EIA: Golden Garbage

The NSWMA hits the half-century mark.

On May 23, the National Solid Wastes Management Association (NSWMA) observed a milestone anniversary. On that day in 1962, a group of regional solid waste associations came together to form the first national association representing the private sector solid waste industry. This new group was called the National Council of Refuse Disposal Trade Associations (NCRDTA). Years later, NCRDTA officially became NSWMA and grew to represent solid waste services companies operating in all 50 states and the District of Columbia.

When it was formed, NCRDTA included the Chicago and Suburban Association, the Coordinating Council of Waste Collection and Disposal Associations of California, and the Detachable Container Association. Environmental Industry Associations (EIA) Hall of Fame member Dean Buntrock, who later would head Waste Management Inc., was elected as NCRDTA’s founding president. Buntrock, Marshall Rabins (another EIA Hall of Famer) and Harold Van der Molen each provided $5,000 to launch the association.

NCRDTA’s first board of directors included Buntrock, Rabins and Van der Molen, as well as Henry Hoekstra, William Ohanesian and Albert Shayne. (Ohanesian and Shayne also are EIA Hall of Fame members). Soon after it was created, the NCRDTA leaders hired Larry Hogan Associates, a public relations and association management firm in Chicago, to manage the group.

On Jan. 12, 1968, the group moved to Washington, was formerly chartered as NSWMA and hired its first full-time staff. Later that year, the group held the first International Refuse Equipment Show and Congress in Chicago. (This event later became WasteExpo.) That first show included 60 exhibitors, had expenses of about $20,000 and netted revenues of about $44,000 for organizers.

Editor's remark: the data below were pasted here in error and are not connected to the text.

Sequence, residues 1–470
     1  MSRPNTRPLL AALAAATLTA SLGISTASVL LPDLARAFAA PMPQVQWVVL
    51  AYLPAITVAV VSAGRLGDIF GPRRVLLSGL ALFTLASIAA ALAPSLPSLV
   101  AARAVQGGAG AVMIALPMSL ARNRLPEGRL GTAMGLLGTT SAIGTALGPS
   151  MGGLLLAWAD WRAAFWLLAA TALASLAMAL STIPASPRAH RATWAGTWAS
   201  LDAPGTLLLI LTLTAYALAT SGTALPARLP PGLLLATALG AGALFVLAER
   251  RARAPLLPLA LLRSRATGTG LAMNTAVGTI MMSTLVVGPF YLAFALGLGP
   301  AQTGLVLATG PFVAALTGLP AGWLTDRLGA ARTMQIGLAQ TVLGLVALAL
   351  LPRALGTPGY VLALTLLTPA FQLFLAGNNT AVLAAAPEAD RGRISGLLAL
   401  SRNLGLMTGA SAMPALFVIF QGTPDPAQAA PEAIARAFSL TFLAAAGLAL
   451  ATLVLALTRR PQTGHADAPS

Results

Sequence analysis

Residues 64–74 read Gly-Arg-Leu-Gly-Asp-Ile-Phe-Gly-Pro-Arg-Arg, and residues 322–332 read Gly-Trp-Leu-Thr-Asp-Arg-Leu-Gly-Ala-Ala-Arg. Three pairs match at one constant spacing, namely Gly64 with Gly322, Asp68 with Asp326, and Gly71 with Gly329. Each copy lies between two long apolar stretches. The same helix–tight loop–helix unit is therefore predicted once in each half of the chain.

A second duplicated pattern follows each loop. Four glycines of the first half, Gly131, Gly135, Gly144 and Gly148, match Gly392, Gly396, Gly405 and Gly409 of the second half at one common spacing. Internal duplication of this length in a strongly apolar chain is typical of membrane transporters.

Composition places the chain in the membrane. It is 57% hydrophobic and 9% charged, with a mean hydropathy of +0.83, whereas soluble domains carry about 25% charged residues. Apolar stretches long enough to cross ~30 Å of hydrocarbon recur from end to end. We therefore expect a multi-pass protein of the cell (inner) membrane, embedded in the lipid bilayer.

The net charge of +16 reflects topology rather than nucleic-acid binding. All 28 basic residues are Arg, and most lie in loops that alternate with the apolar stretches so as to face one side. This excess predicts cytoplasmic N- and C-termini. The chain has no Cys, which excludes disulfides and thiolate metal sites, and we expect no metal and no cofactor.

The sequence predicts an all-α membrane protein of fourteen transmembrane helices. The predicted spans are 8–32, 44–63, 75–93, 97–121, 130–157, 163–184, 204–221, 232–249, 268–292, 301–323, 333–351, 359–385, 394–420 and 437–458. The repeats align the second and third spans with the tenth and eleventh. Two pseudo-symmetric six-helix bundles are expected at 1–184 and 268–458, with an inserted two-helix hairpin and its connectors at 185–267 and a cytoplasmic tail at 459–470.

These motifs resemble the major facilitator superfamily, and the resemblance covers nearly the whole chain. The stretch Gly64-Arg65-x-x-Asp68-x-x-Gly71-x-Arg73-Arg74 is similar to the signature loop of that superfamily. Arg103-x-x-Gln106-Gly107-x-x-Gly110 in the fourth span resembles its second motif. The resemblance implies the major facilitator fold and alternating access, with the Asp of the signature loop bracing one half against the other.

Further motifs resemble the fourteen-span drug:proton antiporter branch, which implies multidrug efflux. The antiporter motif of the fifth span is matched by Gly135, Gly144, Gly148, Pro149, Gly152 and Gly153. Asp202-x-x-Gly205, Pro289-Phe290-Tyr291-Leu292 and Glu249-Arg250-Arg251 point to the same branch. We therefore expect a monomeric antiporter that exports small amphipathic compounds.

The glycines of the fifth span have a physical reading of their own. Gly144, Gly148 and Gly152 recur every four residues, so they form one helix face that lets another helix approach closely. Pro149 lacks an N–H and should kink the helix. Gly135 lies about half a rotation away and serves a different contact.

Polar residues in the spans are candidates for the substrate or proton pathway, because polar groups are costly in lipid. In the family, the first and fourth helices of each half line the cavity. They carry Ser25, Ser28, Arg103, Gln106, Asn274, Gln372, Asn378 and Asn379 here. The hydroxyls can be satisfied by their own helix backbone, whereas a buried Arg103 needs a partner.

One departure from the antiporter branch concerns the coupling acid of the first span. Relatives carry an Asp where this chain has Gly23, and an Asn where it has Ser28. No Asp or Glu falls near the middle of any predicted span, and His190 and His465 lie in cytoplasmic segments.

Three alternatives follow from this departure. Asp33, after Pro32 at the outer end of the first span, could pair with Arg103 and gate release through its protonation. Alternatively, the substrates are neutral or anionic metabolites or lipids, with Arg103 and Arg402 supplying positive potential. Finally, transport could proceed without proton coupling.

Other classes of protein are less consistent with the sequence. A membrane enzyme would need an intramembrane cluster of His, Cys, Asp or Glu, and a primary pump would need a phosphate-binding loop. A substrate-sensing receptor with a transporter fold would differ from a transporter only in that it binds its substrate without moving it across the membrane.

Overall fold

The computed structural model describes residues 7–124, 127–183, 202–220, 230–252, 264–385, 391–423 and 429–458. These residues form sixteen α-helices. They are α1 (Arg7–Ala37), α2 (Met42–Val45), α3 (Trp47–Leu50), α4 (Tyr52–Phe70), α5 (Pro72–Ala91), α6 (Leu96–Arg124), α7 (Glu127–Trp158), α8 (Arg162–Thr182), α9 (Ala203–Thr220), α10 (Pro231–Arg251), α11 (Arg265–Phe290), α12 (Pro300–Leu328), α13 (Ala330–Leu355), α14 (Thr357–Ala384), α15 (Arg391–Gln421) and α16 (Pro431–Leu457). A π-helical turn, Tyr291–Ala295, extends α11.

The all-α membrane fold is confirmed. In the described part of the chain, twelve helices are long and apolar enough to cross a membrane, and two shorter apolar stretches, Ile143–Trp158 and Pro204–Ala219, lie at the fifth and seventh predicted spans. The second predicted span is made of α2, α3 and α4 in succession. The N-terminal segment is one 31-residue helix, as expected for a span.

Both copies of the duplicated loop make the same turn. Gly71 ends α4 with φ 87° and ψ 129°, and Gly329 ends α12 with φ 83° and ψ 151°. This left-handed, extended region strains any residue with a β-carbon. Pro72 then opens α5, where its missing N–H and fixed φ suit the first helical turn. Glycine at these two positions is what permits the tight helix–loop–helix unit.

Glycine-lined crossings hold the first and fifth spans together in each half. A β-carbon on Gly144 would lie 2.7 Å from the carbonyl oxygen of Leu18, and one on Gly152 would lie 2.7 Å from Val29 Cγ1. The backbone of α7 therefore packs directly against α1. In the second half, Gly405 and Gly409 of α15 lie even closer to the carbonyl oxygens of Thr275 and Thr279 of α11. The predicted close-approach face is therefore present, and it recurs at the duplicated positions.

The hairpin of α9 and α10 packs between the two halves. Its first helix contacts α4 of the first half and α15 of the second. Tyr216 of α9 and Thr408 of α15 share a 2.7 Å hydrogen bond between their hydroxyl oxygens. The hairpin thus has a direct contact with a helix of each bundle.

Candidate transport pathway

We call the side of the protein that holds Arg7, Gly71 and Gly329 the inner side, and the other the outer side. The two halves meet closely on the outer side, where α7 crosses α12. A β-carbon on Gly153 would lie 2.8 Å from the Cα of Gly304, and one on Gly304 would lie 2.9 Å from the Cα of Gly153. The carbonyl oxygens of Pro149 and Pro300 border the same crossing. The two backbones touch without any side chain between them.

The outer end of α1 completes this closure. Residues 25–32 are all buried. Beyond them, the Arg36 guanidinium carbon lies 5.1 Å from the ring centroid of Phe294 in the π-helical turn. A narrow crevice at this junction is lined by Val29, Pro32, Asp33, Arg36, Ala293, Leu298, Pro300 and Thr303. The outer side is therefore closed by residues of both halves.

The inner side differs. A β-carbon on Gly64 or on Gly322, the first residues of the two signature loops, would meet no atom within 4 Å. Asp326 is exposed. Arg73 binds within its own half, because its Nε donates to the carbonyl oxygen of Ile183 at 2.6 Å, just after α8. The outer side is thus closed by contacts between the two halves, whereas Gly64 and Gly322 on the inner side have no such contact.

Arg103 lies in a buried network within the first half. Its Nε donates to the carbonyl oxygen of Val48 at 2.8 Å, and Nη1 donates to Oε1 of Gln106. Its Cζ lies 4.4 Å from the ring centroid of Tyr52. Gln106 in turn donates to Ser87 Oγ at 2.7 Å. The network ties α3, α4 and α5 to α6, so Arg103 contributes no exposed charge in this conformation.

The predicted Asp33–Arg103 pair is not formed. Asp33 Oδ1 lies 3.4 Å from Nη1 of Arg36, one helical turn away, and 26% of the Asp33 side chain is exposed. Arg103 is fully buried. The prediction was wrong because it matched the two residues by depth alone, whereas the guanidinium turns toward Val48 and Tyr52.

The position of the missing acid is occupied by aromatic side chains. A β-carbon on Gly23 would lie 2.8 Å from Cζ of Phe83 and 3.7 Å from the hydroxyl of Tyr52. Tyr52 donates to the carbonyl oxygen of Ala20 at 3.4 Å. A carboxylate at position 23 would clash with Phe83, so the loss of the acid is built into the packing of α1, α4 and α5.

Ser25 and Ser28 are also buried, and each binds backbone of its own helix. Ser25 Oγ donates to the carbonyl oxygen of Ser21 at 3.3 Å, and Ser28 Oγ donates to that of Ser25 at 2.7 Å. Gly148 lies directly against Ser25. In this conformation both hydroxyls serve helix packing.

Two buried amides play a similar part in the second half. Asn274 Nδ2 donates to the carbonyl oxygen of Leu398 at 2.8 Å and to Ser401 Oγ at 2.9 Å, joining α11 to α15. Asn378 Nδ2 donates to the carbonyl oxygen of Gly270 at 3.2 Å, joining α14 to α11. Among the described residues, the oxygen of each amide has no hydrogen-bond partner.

From its earliest years, NSWMA provided members with advocacy to federal and state policymakers and the media, educational opportunities, research and a variety of networking opportunities at meetings and events. NSWMA members have included large publicly-traded companies and small and large privately-owned companies, all of which promote the management of waste in a manner that is environmentally responsible, efficient, profitable and ethical, while benefiting the public and protecting employees.

“We’re proud of the success that our association has had during the last half century in helping America’s solid waste services and recycling industry grow into a $60 billion industry,” stated Bruce J. Parker, retiring EIA president and CEO and the executive vice president of NSWMA, acknowledging this notable moment in the history of the solid waste industry.

Parker continued, “NSWMA members continue to provide essential, technologically innovative and environmentally-responsive waste services to the communities that they serve. I am optimistic that NSWMA and WASTEC will continue to support our members as they find beneficial uses for waste, such as the production of renewable fuels.”

Sharon Kneiss, incoming EIA president and CEO, added, “The legacy that was created during the first 50 years of EIA is incredible. Our founders built a sound organizational framework that has served our industry well. The association has evolved to better serve the needs of a growing and technologically advancing industry. I look forward to carrying on the EIA legacy in a way that supports members and also promotes and builds a greater understanding of the important benefits of this industry, not only keeping American communities healthy and clean, but also increasing resource recovery and producing energy and other benefits.”

NSWMA – a sub-association of EIA – represents for-profit companies in North America that provide solid waste collection, recycling and disposal services, healthcare waste management, or provide professional and consulting services to the waste services industry. For information about NSWMA, visit www.nswma.org.


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